Wearables set for explosive growth, study shows

Although wearable device shipment volumes will reach just 19 million units in 2014, that figure will grow to 111.9 million in 2018, according to IDC research.

Don Reisinger
Former CNET contributor Don Reisinger is a technology columnist who has covered everything from HDTVs to computers to Flowbee Haircut Systems. Besides his work with CNET, Don's work has been featured in a variety of other publications including PC World and a host of Ziff-Davis publications.
Don Reisinger
2 min read

Google Glass Google
The wearable technology space might be in its early adopter phase right now, but according to new data from research firm IDC, the mainstream will start getting into the game very soon.

By the end of this year, over 19 million wearable devices will ship worldwide, tripling last year's figure, IDC reported on Thursday. Between now and 2018, wearable shipments will generate a 78.4 percent compound annual growth rate, eventually hitting 111.9 million worldwide shipments in 2018 alone.

Wearable technology has become a hot market in the tech industry. Companies like Nike, Samsung, Fitbit, Jawbone, and others, are all offering different wearable devices, and IDC expects many more companies to join the fray in the coming years.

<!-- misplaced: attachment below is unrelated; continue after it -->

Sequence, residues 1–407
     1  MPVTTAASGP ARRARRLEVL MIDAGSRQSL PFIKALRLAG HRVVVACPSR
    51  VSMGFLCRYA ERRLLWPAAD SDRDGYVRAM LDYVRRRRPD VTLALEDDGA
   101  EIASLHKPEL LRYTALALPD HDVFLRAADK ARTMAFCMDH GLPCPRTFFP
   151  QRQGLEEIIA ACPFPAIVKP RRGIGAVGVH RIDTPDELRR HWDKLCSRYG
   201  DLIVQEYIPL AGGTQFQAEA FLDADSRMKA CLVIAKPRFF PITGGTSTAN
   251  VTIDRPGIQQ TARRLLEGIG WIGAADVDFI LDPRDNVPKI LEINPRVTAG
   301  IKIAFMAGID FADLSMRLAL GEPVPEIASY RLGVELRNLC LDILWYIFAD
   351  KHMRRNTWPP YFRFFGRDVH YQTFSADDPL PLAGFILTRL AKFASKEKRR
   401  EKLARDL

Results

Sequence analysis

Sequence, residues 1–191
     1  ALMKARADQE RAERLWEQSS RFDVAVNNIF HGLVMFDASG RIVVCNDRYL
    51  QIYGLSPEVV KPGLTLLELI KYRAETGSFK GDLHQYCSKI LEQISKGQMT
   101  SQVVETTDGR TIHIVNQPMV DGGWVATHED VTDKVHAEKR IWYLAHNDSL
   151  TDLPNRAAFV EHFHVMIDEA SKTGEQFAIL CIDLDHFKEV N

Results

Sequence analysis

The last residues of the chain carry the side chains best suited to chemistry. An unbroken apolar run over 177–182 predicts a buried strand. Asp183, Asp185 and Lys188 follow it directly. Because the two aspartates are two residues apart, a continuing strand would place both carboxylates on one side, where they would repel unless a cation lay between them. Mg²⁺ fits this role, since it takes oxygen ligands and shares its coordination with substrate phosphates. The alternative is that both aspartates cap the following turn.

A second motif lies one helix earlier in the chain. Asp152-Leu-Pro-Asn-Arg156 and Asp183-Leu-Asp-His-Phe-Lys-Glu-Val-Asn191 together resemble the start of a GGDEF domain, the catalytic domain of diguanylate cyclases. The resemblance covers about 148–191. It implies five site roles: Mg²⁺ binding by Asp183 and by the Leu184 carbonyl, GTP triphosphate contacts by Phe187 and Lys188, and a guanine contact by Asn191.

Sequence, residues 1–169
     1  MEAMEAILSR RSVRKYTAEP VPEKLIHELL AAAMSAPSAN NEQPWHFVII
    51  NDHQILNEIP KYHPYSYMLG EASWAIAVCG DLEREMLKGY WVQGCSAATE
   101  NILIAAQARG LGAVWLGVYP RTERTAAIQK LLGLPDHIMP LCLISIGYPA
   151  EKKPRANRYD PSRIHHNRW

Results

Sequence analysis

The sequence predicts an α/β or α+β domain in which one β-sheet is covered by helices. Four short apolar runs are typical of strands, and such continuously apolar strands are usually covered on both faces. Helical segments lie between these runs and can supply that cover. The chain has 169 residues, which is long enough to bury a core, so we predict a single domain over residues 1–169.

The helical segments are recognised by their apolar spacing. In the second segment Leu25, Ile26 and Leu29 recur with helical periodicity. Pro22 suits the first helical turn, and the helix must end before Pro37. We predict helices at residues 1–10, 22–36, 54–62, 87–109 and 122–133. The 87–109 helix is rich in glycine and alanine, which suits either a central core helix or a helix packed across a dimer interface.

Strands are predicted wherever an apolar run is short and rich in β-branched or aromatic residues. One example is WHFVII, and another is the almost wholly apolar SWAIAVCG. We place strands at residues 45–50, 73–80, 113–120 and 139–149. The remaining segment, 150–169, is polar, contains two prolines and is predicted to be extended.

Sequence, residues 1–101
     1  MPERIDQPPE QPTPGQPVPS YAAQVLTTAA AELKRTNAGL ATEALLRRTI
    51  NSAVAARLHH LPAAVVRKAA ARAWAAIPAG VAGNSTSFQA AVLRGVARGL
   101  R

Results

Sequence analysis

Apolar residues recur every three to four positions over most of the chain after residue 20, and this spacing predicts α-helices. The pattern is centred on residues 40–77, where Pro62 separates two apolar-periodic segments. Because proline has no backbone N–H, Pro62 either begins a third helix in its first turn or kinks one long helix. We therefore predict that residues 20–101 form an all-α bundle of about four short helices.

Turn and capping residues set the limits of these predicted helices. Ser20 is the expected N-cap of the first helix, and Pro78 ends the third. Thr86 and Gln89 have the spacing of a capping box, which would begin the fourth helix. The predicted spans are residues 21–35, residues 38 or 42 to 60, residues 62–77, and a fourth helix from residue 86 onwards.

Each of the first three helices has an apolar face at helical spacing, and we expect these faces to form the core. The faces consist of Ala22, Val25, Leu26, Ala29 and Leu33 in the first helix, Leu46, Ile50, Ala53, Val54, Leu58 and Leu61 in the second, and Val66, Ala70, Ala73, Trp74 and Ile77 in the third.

Apple has been the subject of the most rumors surrounding companies getting into wearable tech. It's believed that the iPhone maker is working on a smartwatch, possibly to be known as iWatch, that will take on Samsung's Gear 2 smartwatch, the Pebble, and other such devices. The latest rumors suggest iWatch will launch sometime this year.

Regardless of when Apple joins the market, the company might have some work cut out for it. IDC surveyed over 50,000 consumers across 26 countries to see which company they believe is the most trustworthy wearable device maker. Samsung was voted tops, followed by Apple, Sony, and Google.

As IDC points out, Samsung has stood out from the rest of the pack in wearables, offering devices in the still-nascent market. Apple, meanwhile, hasn't launched any wearable tech, which might be why it scored lower. Still, Samsung isn't going anywhere, and if the company can deliver high-quality products, Apple might have its work cut out for it.

IDC was able to break down the wearables market into three segments: complex accessories, smart accessories, and smart wearables. IDC believes that complex accessories, like the Nike+ FuelBand or Jawbone Up, will lead the wearable business over the next four years, due to their "simplicity and low price points."

The big question mark for the industry right now, however, is whether smart wearables, like Google Glass, or other products that can function without the help of another device, can succeed.

"Smart wearable vendors must convince users to shift to a new user experience while offering them a robust selection of third-party applications," IDC said.

CNET has contacted IDC for more insight into its findings. We will update this story when we have more information.